Inheritance or not?: Court case gives guidance on inheritance


Nancy Ray


Nancy Ray

Sunday, March 19, 2017

If your parents worked hard and saved their money in order to earn a comfortable retirement, then you are a lucky person. You can spend time with them, watch them relax, and encourage their enjoyment of life.

Some adult children, however, would prefer that their parents enjoy retirement a little bit less and leave them a little bit more of an inheritance. They may be particularly concerned that another person, such as a sibling or other relative, is interfering with the monies which they regard as their inheritance and is causing their parents to spend unwisely. Do these adult children have a valid legal claim against that other person?

The North Carolina Court of Appeals recently addressed this question in a case called Hauser v. Hauser, an action originally filed in Forsyth County Superior Court.

In Hauser, an elderly parent of two adult siblings originally intended to leave her real and personal property to her children in equal shares. One of the siblings, a daughter, was concerned about large transfers of money from a trust to a bank account and subsequent withdrawals of cash from the bank account. The daughter was Mrs. Hauser’s attorney-in-fact under a power of attorney obtained several years prior to the transfers.

The daughter subsequently used her power of attorney to transfer $12,000 directly from her mother’s account to her own personal account. Mrs. Hauser revoked her daughter’s power of attorney and executed a new power of attorney, naming her son as her attorney-in-fact. She also executed a new will, leaving her house to her son, while still splitting her personal property between her children.

Mrs. Hauser’s daughter filed a Superior Court complaint against her own brother and his wife, alleging, among other claims, tortious interference with an expected inheritance. Her complaint stated that “the Defendants’ wrongful acts in causing the transfer and withdrawal of Ms. Hauser’s funds have depleted the assets of her eventual estate, thereby diminishing Plaintiff’s expected inheritance.” The plaintiff acknowledged that her claim was a novel one for North Carolina but pointed to other states, such as Maine, which have recognized this cause of action.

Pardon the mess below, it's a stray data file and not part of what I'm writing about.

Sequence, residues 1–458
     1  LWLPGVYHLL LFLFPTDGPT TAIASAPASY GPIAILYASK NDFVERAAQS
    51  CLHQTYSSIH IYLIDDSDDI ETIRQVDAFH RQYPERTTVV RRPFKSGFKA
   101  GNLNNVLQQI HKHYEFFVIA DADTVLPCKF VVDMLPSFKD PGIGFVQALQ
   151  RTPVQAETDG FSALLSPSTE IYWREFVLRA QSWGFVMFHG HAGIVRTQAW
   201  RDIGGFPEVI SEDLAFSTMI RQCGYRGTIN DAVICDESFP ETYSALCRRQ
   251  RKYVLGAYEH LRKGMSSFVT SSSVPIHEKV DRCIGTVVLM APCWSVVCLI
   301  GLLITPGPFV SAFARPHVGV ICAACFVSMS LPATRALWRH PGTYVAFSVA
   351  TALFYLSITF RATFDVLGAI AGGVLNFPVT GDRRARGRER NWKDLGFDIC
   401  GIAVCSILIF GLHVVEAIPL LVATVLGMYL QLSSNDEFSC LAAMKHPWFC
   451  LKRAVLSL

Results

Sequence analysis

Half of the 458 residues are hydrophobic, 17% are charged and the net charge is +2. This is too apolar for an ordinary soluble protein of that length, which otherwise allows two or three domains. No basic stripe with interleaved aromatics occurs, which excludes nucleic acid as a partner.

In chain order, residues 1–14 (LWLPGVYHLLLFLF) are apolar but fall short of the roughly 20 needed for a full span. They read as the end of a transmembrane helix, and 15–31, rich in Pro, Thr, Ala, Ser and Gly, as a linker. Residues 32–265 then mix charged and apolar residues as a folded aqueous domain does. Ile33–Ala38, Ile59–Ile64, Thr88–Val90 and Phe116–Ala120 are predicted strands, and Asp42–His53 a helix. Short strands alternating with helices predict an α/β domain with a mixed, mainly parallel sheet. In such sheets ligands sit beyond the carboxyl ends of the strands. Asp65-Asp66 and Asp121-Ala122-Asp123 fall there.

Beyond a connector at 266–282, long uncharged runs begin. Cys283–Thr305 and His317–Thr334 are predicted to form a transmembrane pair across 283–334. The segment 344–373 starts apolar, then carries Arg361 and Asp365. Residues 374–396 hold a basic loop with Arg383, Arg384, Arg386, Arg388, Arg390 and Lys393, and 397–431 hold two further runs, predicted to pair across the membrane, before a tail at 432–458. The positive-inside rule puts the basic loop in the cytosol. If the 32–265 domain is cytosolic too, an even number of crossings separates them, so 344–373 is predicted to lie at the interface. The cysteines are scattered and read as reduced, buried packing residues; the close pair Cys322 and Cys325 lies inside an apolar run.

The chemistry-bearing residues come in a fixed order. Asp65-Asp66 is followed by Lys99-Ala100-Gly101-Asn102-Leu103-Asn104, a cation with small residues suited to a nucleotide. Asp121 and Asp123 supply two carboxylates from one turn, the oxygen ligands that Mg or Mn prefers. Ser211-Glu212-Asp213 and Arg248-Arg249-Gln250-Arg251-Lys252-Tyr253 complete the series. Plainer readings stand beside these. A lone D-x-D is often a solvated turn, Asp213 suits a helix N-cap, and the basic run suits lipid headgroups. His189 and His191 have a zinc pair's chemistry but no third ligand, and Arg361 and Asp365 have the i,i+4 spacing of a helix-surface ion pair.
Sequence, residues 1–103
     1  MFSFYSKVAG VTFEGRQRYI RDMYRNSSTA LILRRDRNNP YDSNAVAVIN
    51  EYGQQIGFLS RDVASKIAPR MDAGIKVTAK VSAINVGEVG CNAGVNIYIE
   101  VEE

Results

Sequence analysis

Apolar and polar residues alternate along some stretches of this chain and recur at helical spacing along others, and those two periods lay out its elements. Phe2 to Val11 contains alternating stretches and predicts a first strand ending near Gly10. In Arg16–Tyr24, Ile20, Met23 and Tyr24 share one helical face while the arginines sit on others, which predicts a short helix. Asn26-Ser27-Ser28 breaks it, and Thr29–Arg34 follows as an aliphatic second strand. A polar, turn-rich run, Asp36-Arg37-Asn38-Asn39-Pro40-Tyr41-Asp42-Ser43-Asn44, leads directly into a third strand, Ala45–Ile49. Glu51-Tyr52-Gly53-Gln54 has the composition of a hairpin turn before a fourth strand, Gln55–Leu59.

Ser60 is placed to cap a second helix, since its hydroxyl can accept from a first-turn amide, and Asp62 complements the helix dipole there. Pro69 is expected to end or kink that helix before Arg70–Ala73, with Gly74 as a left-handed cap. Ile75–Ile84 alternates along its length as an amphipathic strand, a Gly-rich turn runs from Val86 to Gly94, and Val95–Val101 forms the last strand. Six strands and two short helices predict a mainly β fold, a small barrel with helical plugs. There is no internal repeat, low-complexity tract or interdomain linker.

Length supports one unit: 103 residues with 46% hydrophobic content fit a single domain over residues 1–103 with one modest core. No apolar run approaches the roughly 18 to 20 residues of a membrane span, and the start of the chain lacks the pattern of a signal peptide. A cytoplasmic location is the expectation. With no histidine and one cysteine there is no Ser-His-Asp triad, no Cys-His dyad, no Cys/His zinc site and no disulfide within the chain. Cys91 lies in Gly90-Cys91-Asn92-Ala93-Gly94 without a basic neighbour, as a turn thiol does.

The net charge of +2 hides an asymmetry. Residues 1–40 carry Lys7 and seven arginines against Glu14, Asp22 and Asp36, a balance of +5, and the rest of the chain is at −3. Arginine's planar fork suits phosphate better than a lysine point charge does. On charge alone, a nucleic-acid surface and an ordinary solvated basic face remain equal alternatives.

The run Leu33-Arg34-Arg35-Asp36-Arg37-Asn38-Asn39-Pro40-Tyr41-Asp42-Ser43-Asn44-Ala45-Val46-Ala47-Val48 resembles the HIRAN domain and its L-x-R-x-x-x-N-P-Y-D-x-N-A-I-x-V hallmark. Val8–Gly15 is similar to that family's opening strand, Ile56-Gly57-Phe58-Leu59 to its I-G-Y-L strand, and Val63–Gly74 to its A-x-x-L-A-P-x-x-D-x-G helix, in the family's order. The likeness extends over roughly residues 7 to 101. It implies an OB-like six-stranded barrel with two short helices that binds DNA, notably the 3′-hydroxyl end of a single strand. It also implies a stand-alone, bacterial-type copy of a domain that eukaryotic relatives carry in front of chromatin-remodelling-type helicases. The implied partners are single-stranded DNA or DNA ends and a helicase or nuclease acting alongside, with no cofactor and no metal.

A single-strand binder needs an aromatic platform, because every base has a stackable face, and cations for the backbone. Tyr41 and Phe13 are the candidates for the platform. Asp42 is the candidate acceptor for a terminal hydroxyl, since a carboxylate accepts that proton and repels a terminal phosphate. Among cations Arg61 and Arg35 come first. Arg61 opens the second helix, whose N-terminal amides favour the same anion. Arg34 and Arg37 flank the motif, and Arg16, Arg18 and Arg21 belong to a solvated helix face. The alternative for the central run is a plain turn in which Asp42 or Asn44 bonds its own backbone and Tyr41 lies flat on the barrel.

Her complaint was dismissed by the Superior Court judge, and the Plaintiff gave notice of appeal.

Unfortunately for the Plaintiff, the North Carolina Court of Appeals ruled that her claim of tortious interference with expected inheritance had been properly dismissed. Relying on previous cases, the Court stated that “a child possesses no interest whatsoever in the property of a living parent…his right to inherit the property of his parent does not even exist during the lifetime of [the parent]…a parent has the absolute right to dispose of his property by gift or otherwise as he pleases.”

The Court of Appeals was careful to note that there was no indication that Mrs. Hauser had been adjudicated incompetent or had otherwise been found incapable of handling her own affairs. The Court also pointed out that the Supreme Court of North Carolina, if it heard the case, might choose to recognize the tort, and that the General Assembly might choose to pass legislation creating the cause of action. Under the circumstances, however, the Court followed precedent and refused to recognize tortious interference with an expected inheritance.

What does this mean for adult children who are unhappy with their parents for “spending their inheritance” and possibly favoring one sibling over another? It means that your inheritance isn’t yours until you actually inherit it. Your parents’ money and property belong to your parents, and they can choose to spend it, give it away, or save it as they please.

(Nancy Ray, Attorney at Law is a Teaching Instructor in the Finance Department at East Carolina University.)